The Insane True-Life Story Of John Holmes: One-Time King Of Adult Movies

By on August 14, 2015 in ArticlesEntertainment

Before there was Ron Jeremy, before there was James Deen, there was John Holmes. In the 1970s, Holmes was often called the "king" of adult movies. He was the first male adult film superstar, whose physical size became legend. At the height of his career, he was making up to $3,000 per day. He was one of the most prolific male adult film actors in history, appearing in over 2,400 movies in the 1970s and 1980s. His legendary assets inspired Mark Wahlberg's character in 1997's epic Boogie Nights. But for Holmes, the money and the fame didn't last forever.

A Star's Beginnings

Holmes was born on August 8, 1944, in Ashville, Ohio. In his early years, he went by John Curtis Estes. He was the youngest of four children born to Mary June Holmes. The name of John's father (Estes) was not listed on his birth certificate. Mary and her new husband, Edward Holmes (father of Holmes' three older siblings) had a tumultuous marriage, but Mary changed John's surname to Holmes when he was little. Later, around 1986, his mother provided him with the hand-written copy of his original birth certificate and Holmes discovered the name of his biological father, Carl Estes.

Holmes had a turbulent childhood, between his religious zealot mother and abusive alcoholic stepfather. Eager to escape the chaos, Holmes left home as a teenager to enlist in the army.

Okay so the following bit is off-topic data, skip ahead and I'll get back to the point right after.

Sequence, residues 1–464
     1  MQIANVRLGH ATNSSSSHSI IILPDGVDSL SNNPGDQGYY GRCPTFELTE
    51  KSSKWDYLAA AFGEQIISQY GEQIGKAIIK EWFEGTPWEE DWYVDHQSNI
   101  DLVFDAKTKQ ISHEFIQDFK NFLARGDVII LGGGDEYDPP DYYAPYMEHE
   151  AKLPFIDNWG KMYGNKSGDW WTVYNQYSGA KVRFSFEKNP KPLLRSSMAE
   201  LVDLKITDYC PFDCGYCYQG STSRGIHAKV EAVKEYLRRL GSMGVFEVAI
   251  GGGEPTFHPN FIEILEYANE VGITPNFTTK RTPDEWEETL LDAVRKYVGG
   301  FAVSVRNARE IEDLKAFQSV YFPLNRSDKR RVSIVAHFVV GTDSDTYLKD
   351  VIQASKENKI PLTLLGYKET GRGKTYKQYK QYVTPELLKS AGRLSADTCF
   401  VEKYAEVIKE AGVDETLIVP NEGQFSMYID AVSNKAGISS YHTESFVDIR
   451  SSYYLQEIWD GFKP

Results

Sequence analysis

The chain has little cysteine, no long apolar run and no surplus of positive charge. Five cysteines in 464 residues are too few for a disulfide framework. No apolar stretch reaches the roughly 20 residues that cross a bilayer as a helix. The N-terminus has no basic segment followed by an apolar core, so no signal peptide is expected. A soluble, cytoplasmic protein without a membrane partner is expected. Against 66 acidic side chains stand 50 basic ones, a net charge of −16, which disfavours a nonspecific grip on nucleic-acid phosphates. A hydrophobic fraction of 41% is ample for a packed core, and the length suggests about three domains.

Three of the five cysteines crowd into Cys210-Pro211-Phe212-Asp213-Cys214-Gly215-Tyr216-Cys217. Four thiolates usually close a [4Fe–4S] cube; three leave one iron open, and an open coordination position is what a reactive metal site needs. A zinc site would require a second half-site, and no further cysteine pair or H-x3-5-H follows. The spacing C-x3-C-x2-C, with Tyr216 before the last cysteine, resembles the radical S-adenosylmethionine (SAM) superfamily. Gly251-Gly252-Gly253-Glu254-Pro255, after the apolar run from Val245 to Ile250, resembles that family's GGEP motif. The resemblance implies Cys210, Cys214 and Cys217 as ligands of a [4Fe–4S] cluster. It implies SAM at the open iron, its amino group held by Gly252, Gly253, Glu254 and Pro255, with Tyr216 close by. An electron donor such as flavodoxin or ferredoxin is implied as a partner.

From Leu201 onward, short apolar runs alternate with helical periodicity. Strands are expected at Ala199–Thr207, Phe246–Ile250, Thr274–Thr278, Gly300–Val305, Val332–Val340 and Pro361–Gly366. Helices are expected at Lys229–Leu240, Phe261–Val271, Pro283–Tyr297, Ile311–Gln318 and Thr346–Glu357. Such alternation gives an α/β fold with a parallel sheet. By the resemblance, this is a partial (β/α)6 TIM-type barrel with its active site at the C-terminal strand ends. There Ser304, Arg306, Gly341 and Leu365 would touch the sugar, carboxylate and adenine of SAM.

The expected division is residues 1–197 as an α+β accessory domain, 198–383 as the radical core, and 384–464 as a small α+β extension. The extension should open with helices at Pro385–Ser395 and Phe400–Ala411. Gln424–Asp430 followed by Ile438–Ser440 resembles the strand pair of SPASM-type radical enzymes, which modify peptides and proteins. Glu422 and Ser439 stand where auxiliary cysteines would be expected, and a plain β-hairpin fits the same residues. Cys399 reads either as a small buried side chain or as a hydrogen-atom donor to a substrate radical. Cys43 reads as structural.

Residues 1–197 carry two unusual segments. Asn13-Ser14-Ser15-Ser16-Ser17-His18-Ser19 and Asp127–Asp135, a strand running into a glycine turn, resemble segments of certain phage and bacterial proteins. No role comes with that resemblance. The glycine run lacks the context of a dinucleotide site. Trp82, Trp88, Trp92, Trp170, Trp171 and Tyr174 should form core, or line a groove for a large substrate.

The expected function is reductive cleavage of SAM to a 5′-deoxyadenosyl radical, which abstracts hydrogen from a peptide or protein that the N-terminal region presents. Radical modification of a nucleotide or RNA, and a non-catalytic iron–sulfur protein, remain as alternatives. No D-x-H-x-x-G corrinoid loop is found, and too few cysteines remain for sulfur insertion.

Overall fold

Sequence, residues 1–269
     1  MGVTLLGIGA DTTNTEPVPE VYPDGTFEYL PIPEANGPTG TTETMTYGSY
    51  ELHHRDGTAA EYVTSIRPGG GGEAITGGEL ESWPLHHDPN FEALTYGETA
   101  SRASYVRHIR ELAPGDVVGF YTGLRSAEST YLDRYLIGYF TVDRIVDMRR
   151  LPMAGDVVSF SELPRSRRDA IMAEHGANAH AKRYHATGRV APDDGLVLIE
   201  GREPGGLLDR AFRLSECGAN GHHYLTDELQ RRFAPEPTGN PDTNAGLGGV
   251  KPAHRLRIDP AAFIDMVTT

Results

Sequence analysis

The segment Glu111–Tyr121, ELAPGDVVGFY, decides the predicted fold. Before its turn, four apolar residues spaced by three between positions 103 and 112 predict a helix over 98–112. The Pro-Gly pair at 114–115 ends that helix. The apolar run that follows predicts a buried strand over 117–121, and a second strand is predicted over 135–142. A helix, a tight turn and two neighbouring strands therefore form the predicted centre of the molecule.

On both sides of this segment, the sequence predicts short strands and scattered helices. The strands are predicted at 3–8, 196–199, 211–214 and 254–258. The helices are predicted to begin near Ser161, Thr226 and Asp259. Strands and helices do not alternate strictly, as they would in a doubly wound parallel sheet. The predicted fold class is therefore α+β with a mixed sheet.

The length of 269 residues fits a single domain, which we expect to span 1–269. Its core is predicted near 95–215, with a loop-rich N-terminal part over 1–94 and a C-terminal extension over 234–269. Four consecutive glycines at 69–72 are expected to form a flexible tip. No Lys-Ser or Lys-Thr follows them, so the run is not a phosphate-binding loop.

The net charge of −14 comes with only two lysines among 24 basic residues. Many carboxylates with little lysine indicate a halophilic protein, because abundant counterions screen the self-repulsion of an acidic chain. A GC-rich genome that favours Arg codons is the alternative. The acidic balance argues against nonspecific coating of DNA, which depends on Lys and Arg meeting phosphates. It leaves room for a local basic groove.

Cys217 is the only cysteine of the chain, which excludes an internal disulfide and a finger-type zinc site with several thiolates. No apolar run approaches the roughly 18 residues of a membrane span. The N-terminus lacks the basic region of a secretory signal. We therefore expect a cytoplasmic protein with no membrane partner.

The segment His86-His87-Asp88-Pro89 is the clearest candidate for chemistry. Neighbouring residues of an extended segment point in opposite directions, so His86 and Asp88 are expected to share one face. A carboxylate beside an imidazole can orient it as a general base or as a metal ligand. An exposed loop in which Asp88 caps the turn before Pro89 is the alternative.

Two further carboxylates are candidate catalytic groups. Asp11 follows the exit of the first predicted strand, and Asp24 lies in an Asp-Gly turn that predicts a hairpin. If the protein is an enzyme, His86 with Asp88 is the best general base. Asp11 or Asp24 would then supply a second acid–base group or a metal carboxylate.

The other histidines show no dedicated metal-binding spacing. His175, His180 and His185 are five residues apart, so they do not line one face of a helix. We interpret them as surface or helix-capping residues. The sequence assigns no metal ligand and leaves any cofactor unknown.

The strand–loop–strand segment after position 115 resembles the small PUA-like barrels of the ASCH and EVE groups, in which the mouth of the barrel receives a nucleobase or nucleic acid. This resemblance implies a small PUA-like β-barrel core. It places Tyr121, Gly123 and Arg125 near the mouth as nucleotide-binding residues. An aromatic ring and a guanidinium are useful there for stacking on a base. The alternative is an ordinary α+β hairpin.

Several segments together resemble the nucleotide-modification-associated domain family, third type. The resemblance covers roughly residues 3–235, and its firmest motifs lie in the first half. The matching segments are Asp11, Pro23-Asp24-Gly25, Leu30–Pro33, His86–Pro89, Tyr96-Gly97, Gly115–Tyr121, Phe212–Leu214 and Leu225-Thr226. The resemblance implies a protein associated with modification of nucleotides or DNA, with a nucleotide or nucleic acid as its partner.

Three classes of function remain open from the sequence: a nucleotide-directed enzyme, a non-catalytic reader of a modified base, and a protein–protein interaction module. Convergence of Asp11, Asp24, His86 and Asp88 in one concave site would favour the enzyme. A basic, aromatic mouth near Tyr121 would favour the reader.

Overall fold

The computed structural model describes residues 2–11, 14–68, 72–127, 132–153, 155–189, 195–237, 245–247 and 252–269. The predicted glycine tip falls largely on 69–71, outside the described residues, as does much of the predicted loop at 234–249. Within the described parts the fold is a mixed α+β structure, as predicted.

He spent most of the three years of his military service in the Signal Corps in West Germany, until he was honorably discharged. He moved to Los Angeles and took a string of jobs, selling things door-to-door, operating a forklift, and working at a Coffee-Nips factory. He met a nurse named Sharon when he was working as an ambulance driver, and they married in 1965.

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A Star is Born

There are several stories about how exactly Holmes went from forklift operator/ambulance driver to adult star. One version is that a female neighbor was making loops and told Holmes he could make good money in the business. Supposedly his first check bounced, so from then on he always insisted on payment in cash. Another version is that in 1967 Holmes was going to a men's card playing club in Gardena when a photographer for an underground magazine saw his large "member" while standing next to him at a urinal and gave Holmes his business card, telling him he could make money posing for magazines.

Whatever the truth is, Holmes' career started to take off in the 1970s with an adult series about a private investigator named Johnny Wadd, written and directed by Bob Chinn. The success of Johnny Wadd inspired Chinn to follow that up the same year with Flesh of the Lotus. Most of the Johnny Wadd films were written and directed by Chinn. Holmes had sparked a adult franchise.

During this era, the wild success of films like Deep Throat and The Devil in Miss Jones made adult cool, but it was still attacked and subjected to scrutiny. Holmes was arrested during this era for pimping and pandering, but he avoided prison time by becoming an LAPD informant.